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Dolmabahçe Palace is without a doubt at the top of the list of historical buildings you must see if you are visiting Istanbul. The palace is not only an important part of Turkish history, dating back to the Ottoman Empire Era, but it is also an architectural beauty with its breathtaking design both inside and outside. You will be in awe as you tour this magnificent structure standing for over a century. Learning about Dolmabahçe Palace and its deep history will allow you to see everything differently and know the importance of each object or each room during your visit.



Dolmabahçe Palace was built during the 19th century, between the years of 1843 and 1856 by the order of the Sultan Abdülmecid who mainly lived in the Topkapi Palace. The Ottoman Empire was in need of a new palace as its headquarters due to Topkapi Palace being outdated and not as comfortable. Therefore, Dolmabahçe Palace was designed as a modern building that could meet the needs of the Sultans while providing enough comfort and luxury that was suitable to the might of the Ottomans. The project was carried out by the Armenian architects of the Ottoman court named Balyan family.


Even though Dolmabahçe Palace was used as a secondary residence and then as the winter residence of the Sultans. Later on, it became the permanent residence of the Sultans until the Republic of Turkey was established after the War of Liberation in 1923. After the change in the entire ruling system of the country, Dolmabahçe Palace became the presidential residence. Mustafa Kemal Atatürk, the founding father of the Republic of Turkey, stayed in the palace during his time in Istanbul. Mustafa Kemal Atatürk passed away in his room numbered 71 in Dolmabahçe Palace on the 10th of November in 1938 at 09:05 am. Considering the love the Turks have for their founding father Atatürk, Dolmabahçe Palace has a different importance to the people of Turkey. The palace was turned into a museum in 1952 and has been operating as one ever since.



Dolmabahçe Palace is made up of three main sections. Administrative rooms, Ceremonial Hall and the Imperial Harem. In total, the palace has 285 rooms, 46 galleries and reception halls, 6 hamams also known as Turkish baths along with 68 restrooms.

The section that has great importance among all is the Administrative rooms, also known as Mabeyn-i Hümayun, due to their function as the headquarters of the Ottoman Empire where important decisions were made. However, this section also draws attention to its grandeur with a crystal staircase, crystal chandeliers, Hereke carpets, fireplaces and a meticulously designed Turkish bath known as hamam.


The Ceremonial Hall is built between the other sections and it is the place where the Sultans would receive their guests of importance. In addition to receiving important guests, both religious and state ceremonies took place in the Ceremonial Hall. The huge crystal chandelier found in this section was a gift sent from the Queen Victoria of England and it is the world’s largest Bohemian crystal chandelier. After the death of the founding father Atatürk, he was laid in a catafalque in the Ceremonial Hall for the people to come and pay their respects to their leader.

The Harem is another section where the women of the palace lived and it was guarded at all times to ensure no men entered except for the Sultan himself as well as the eunuch. There were many different rooms such as the quarter of the mother of the Sultan known as Valide Sultan, rooms for the official wives of the Sultan along with his favorites and concubines. This section also includes classrooms for the children of the Sultan where they were educated. The Harem also includes traditional Turkish baths.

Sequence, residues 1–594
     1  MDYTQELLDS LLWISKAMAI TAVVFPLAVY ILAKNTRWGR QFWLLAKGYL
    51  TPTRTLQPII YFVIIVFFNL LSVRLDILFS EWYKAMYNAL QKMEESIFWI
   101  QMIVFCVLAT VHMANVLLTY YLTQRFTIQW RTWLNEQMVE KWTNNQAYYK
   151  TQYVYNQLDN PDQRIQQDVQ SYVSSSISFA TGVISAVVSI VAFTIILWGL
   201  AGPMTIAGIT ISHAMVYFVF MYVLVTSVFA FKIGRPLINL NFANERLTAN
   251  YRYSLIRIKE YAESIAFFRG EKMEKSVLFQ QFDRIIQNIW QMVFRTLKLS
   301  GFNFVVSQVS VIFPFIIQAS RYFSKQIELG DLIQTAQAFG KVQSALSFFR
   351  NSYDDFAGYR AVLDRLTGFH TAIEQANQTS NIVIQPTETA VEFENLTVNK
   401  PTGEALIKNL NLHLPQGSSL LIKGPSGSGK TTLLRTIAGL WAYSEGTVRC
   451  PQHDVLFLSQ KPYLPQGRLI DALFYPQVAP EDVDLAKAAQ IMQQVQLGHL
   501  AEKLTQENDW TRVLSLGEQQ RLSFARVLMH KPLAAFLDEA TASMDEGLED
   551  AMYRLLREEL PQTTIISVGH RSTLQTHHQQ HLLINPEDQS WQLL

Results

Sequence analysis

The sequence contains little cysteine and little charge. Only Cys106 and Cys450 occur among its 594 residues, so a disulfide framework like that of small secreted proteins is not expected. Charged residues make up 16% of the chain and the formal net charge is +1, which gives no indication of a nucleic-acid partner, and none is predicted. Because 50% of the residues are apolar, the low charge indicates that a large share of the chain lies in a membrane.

Atatürk’s room must be mentioned separately from the other sections of Dolmabahçe Palace. The room remains just as it was to this day. He spent his last days before he passed away in this room in 1938. The clocks in his room are set to the time of Atatürk’s death, 09:05 AM as a way of paying respect and remembering him.



In addition to the Dolmabahçe Palace itself, there are several other buildings such as the palace of the Crown Prince, the quarters of the gentleman-in-waiting, the rooms of the servants and guards as well as the quarters of the chief eunuch.

There is also Dolmabahçe Mosque right outside of the palace itself that was built between 1853 and 1855 along with a Clock Tower that was built between the years 1890 and 1895.


Dolmabahçe Mosque housed the naval museum after 1948 however, the mosque became a place of worship again in 1967 after the museum was moved to a different location in 1960.


Dolmabahçe Palace is located in Besiktas district of Istanbul, right beside the Bosphorus. This location originally was a bay where the Ottoman fleet anchored about 400 years ago and many naval ceremonies happened in this bay at the time. Later on, the coast was filled and it became a garden -therefore named Dolmabahçe that literally means “filled garden”- where the Ottoman Sultans spent time and rested in the 17th century which was then called Hasbahçe. With many mansions being built in the area, the site started to be known as Besiktas Coastal Palace. Dolmabahçe Palace was built in the place of some of the old buildings found in this complex.


While it is used as a museum today, the Ceremonial Hall and the gardens can be reserved for big events. Dolmabahçe Palace is open for a visit between 9:00 am and 4:00 pm except on Mondays. However, the other buildings are open till 5:00 pm.  If you wish to visit the entire palace, the fee of the combined ticket is 90 TL.